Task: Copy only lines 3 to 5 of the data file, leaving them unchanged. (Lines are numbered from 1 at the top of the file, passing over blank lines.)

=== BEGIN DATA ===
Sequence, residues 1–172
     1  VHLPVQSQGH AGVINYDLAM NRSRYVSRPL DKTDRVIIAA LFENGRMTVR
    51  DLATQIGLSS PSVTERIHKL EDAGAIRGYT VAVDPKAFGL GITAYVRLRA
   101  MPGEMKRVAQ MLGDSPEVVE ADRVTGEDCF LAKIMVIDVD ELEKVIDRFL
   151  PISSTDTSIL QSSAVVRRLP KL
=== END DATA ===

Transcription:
    51  DLATQIGLSS PSVTERIHKL EDAGAIRGYT VAVDPKAFGL GITAYVRLRA
   101  MPGEMKRVAQ MLGDSPEVVE ADRVTGEDCF LAKIMVIDVD ELEKVIDRFL
   151  PISSTDTSIL QSSAVVRRLP KL